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 Breakfast with Frost
Iain Duncan Smith MP, Conservative party leader
Iain Duncan Smith MP, Conservative party leader
BBC BREAKFAST WITH FROST INTERVIEW: IAIN DUNCAN SMITH, MP CONSERVATIVE PARTY LEADER JANUARY 12TH, 2003

Please note "BBC Breakfast with Frost" must be credited if any part of this transcript is used

DAVID FROST: And talking of leadership, here with us right now is the leader of the Conservative Party, Iain Duncan Smith. Welcome.

IAIN DUNCAN SMITH: Good morning David. Can I just first of all start by congratulating you on the ten years of this programme.

DAVID FROST: Thank you very much indeed. That's greatly appreciated. And you're looking forward to ten years as leader of the Conservative Party, at least.

IAIN DUNCAN SMITH: At least. At least.

DAVID FROST: Tell me something, the latest two polls show Labour losing about five points -

IAIN DUNCAN SMITH: Yes.

DAVID FROST: - compared to the election, 42 down to 37 roughly, and the Liberal Democrats going up by about those five points, and you staying steady at about the figure, or close to it, at the last election. Why did that five points go to the Liberal Democrats and not to the Conservatives?

IAIN DUNCAN SMITH: Well first of all polls come and go - we've had polls that showed us further ahead and polls that showed us further behind and the only poll, ultimately, that really matters is of course the one of the general election. But the simple answer to your question is, what's happening to the voting public is that most of them are now moving from having been in the camp of saying I'll vote for Labour to saying I'm undecided, I want to know what is going on, I think Labour is failing on all the promises Mr Blair made on crime, on education, on health and on being a clean and unsleazy government, they know he's broken all those promises, and now they're saying right, what's the alternative? That's the majority. There is some peel-away on the left of Labour, as a temporary vote - I don't know, that's their problem because they've got a real crisis in their own party at the moment - and that's what I'm not worried about. My concern is now that I, as a party leader, we as a party take the fight to Labour and show how Labour's failure in all these areas - particularly this week on crime - is actually hurting people up and down the country, and that is the only way which we will end up winning the next election.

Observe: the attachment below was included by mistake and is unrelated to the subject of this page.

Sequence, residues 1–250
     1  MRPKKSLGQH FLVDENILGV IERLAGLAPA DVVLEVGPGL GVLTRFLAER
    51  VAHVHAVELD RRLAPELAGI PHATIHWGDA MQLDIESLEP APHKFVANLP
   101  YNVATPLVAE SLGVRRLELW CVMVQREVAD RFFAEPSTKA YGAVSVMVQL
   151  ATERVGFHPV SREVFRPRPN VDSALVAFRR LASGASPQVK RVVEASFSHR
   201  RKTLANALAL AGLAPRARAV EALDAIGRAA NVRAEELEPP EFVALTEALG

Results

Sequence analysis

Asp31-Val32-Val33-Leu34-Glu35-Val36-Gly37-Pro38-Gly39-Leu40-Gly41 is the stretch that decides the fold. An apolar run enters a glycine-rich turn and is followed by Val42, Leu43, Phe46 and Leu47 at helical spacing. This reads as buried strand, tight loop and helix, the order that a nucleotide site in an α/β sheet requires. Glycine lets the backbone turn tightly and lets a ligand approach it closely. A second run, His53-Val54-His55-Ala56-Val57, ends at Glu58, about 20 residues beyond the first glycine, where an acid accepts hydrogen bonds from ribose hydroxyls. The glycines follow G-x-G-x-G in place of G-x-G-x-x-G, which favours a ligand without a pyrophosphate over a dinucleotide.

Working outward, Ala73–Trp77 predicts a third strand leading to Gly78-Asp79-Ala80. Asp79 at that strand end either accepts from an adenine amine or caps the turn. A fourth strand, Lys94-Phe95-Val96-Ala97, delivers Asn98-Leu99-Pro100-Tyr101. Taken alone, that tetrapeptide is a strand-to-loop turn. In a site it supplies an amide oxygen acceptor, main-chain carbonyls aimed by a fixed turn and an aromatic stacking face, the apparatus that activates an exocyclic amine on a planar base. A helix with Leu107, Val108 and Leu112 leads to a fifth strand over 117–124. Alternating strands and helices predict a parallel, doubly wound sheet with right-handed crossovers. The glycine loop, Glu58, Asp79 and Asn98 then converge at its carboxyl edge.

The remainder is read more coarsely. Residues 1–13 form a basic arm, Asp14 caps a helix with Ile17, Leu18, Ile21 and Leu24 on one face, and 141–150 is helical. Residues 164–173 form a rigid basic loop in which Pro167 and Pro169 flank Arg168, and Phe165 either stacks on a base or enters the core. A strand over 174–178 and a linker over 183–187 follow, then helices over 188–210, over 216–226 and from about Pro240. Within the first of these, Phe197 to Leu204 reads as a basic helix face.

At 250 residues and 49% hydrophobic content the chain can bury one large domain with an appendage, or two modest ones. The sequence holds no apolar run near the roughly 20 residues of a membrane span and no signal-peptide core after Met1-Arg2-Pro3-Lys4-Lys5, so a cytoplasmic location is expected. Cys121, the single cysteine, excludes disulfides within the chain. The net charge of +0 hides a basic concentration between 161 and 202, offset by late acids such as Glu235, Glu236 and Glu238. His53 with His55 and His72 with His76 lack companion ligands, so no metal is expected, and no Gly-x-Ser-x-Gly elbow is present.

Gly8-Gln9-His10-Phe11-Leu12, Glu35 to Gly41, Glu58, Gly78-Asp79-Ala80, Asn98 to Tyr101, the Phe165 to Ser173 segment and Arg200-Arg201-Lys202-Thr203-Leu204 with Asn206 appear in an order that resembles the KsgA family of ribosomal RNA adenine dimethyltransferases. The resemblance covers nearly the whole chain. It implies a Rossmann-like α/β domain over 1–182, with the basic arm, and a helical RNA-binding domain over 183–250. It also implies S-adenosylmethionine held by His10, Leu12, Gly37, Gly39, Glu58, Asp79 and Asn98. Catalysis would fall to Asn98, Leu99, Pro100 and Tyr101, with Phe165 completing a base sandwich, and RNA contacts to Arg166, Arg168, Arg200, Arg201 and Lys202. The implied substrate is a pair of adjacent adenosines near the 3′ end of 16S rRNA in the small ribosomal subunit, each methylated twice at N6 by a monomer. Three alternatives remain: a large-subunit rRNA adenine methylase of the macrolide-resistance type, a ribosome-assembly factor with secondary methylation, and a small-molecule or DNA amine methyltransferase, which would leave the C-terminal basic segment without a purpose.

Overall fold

DAVID FROST: Yes of course on crime I mean those figures this week were horrendous - 35, 46 per cent - but the British crime survey still shows all over that there's less crime now than when they came to power.

IAIN DUNCAN SMITH: Well let's get this absolutely straight, David. This week what did we see? We saw at Prime Minister's question time, Mr Blair, the man who promised to be tough on crime, tough on the causes of crime, saying to me that burglary was coming down, and yet the day following we saw burglary rising, we saw violence rising, we saw street crime rising, and we saw gun crime doubled over the last four years! So whatever the survey showed, he inherited a set of crime figures, that were falling, back in 1997. Now that Labour's policies are beginning to take effect, we're seeing those figures rise. And that's the key. This is what Giuliani said earlier on - and I have nothing but the highest admiration for Rudy Giuliani - what he pointed out, there is no substitute for clear government and clear leadership. For example, this week we saw the Lord Chancellor siding with the Lord Chief Justice in saying that burglars don't have to go to prison if they're caught. That's completely wrong, they should do. And he talked also, Giuliani, about mandatory sentences. This is the government that said they would have a mandatory three year sentence for somebody who is a third time burglar. I asked the question how many had actually been convicted and prosecuted on that basis since the government instigated this four years, only six. So they've failed on crime and their failure's hurting people up and down the country and that makes me really angry David.

DAVID FROST: But why is the overall figure still down? Is it because of minor crimes that have been reduced?

IAIN DUNCAN SMITH: No, essentially what happened was that some of the crimes like car thefts and burglary fell and they were on a falling trend in 1997 and they continued on down. What we've seen now is this is stalling and what's happening is it's rising again. And the reality here is that gun crime, even from '97, has actually doubled. That means that there are more crimes involving guns - we saw the tragedy up in Birmingham of those teenagers shot dead - and this is a normal occurrence now in many of our cities. What really worries me is New York used to be the crime capital of the western world but under this government London now is more violent and most of our cities are seeing more violence than a place like New York. It's an absolute tragedy and Mr Blair is completely guilty of failing to show some leadership on this.